A Mockingbird Sings? A Conversation with Marja Mills about her Controversial Memoir of Her Onetime Neighbor, Harper Lee

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marja_millsBy June Sawyers

In 2001, reporter Marja Mills met up with Harper Lee, or Nelle, as she is known, and her older sister Alice Lee, in Monroeville, Alabama, while on assignment for the Chicago Tribune after the Chicago Public Library had chosen Lee’s classic “To Kill a Mockingbird” as its One Book, One Chicago selection. Mills went back and forth to Alabama—and in 2004, she even moved next door to the sisters—and struck up a friendship with the two women. The story of the unusual camaraderie is the topic of Mills’ fascinating, touching and, it must be said, respectful, memoir, “The Mockingbird Next Door: Life with Harper Lee.” In the following email conversation, Mills recalls the first time she read “To Kill a Mockingbird,” which is set in the fictional town of Maycomb, Alabama, as well as the recent controversy over Lee’s very public disavowal of the memoir.

Do you remember the first time you read “To Kill a Mockingbird”? And your reaction to it?
Yes. I was in the West High Library in Madison, Wisconsin. I felt as if I were in Maycomb, Alabama, walking those dusty, red clay roads. Harper Lee drew that world so vividly. It was transporting.

Can you say a bit more about how you were feeling when Alice Lee invited you into the house for the first time? You indicate you were surprised, thrilled and even a bit regretful. Is there anything else that you care to add? 
She was so gracious, and here I had made this petite woman with the walker and raspy voice get up and answer the door. I kept telling myself to remember every detail of every room, because I wouldn’t be there again. But she seemed to enjoy the conversation, as did I, and it became the first of many.

And then the following day, Harper Lee says to you, “I wonder if we might meet.” What a shock!
When she called me at the Best Western, I was stunned. I was thrilled and not at all sure what to expect. She wasn’t the shy person I thought might show up. She was quite gregarious and witty.

There are many humorous moments in the book, such as when you describe Alice’s accent and Nelle complains, by doing so, you “dropped her two social classes with one syllable.” How would you describe Nelle’s sense of humor?
Wry most of the time. If something struck her funny, she’d throw her head back and laugh heartily. She was amused by human foibles.

Are you surprised that a real friendship (“natural, unforced”) developed between you and Nelle and Alice?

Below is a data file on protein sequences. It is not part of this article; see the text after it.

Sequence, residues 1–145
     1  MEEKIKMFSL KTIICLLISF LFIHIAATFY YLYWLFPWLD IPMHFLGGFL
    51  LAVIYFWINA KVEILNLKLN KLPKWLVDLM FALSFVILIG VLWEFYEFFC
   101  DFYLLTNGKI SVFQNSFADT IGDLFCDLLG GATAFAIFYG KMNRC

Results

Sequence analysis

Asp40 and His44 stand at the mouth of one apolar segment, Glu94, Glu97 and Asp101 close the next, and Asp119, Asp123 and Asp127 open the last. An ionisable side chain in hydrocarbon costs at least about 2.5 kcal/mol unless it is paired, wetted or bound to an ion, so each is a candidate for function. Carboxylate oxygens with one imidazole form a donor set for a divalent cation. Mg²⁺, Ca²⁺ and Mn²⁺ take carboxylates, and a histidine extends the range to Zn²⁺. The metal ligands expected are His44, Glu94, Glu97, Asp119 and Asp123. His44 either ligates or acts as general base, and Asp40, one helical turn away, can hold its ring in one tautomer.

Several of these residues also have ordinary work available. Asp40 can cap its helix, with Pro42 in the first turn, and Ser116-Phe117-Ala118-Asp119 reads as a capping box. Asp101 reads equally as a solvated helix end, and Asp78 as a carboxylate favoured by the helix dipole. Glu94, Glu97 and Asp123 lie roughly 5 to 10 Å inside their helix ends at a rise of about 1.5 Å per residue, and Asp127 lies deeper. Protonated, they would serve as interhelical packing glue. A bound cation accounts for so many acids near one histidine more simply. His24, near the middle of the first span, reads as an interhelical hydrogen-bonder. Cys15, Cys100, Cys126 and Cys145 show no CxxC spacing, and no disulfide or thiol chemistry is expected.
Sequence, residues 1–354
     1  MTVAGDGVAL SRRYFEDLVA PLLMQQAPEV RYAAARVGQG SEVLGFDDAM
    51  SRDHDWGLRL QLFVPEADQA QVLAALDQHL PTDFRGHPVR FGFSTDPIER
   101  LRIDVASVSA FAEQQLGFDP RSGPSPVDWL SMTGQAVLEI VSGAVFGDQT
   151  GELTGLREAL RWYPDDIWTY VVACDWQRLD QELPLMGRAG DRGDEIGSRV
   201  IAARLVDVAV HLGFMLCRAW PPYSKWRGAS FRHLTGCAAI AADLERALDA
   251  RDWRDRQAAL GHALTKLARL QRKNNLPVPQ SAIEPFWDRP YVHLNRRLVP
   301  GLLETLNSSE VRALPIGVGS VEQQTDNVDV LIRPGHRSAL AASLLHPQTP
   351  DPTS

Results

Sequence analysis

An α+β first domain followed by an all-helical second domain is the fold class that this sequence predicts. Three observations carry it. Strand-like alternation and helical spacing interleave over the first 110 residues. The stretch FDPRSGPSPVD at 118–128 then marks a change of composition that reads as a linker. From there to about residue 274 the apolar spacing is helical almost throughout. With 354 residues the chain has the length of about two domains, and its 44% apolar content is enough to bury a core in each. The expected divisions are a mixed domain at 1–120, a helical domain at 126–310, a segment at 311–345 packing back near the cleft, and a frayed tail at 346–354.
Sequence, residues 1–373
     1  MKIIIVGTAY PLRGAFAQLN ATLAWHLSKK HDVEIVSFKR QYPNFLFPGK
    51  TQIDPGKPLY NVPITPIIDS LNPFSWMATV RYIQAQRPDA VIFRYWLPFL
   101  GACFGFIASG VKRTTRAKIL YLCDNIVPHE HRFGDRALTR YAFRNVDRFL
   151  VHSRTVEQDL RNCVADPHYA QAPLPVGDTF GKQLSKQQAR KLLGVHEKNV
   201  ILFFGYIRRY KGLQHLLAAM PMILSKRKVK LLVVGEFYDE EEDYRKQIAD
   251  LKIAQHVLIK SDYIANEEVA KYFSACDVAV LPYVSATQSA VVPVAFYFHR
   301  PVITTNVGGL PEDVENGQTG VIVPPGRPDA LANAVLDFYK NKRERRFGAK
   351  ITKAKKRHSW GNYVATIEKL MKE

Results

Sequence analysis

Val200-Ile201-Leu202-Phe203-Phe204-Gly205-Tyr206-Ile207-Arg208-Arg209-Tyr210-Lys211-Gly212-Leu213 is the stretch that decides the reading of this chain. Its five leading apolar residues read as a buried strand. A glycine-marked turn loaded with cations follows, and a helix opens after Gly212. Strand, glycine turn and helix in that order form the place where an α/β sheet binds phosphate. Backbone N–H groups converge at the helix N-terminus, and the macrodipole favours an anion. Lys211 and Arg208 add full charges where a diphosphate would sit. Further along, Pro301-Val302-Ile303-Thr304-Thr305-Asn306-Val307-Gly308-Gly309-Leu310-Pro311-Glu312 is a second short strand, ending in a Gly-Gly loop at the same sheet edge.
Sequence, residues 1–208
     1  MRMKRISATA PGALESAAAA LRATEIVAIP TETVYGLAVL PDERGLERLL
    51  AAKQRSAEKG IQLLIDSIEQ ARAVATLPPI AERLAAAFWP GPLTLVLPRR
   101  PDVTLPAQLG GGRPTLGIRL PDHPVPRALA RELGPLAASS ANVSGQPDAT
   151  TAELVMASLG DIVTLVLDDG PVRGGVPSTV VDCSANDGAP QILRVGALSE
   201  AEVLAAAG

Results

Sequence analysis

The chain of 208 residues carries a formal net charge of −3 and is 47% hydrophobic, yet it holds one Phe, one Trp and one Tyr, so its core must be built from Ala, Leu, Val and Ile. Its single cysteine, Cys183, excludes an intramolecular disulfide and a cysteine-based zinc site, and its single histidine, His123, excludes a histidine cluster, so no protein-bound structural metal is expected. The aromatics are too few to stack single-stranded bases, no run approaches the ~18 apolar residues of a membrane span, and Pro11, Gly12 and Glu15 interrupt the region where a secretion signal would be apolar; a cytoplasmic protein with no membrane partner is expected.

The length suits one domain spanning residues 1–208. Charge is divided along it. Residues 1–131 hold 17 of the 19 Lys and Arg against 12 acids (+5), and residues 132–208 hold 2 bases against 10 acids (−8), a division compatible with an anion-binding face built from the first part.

I was, especially because I was a journalist and they famously avoided the press. What surprises me now is how much has changed in Monroeville since I lived there. It turned out I was chronicling the last chapter of life as they knew it.

MockHow lucky you were to be able to rent a house next door to the sisters. Have you ever thought about the serendipity of it all? And the reasons behind such good fortune?
It’s almost frightening the role serendipity plays in life. It certainly did with this. It felt like a confluence of right things: right time, right place, right circumstance, with plenty of good luck and, from the Lees, such remarkable generosity.

Some readers may be surprised to learn that the sisters thought a book on their lives might be a worthwhile project. Of course, trust and having the right person write it would be the secret ingredient. Did you ever doubt your ability to write the book? There must have been tremendous pressure on you to get it “right.”
It took me a long time. I wanted to make sure I was capturing the nature of that time just as I experienced it.

I think readers—some of them anyway—might have the impression that Nelle was a recluse, plain and simple. Of course, she was no such thing. She just led a normal life like the rest of us. Do you care to comment on that?
She wasn’t reclusive by nature. She was gregarious. Her keen interest in the world around her never stopped. She simply avoided the press. I was struck by how normal her life was when we’d be at McDonald’s for afternoon coffee or even at the laundromat.

One of my favorite scenes in the book is you and Nelle watching the film “Capote” and here you are telling the real Harper Lee what the movie Harper Lee said. It’s a hilarious moment.
I felt as if I were in a hall of mirrors. It was strange pausing the VCR to tell her what she said in the movie. I wasn’t sure if I should tell Nelle “and then you say…” or “and then she says…”

What’s the biggest misconception people have about Harper Lee today?
Well, some don’t know she’s still alive. But a misconception that persists is that she made an early decision not to write another book and then that was it. She revisited the possibility more than once.

I have to ask. There was a New York Times report in 2011 that Nelle denied, by issuing a statement through her lawyer, that she cooperated with you, and again as we go to press. Any truth to that statement and, if so, why would she deny it? Or was it simply a case of Nelle trying to protect her privacy?
I was as surprised as anyone when that statement was reported. I asked Alice about it since Nelle, following her serious stroke in 2007, wasn’t able to live at home anymore. Alice issued a statement [in 2011] that they had indeed cooperated.

The Mockingbird Next Door: Life with Harper Lee
By Marja Mills
Penguin Press, 288 pages, $27.95

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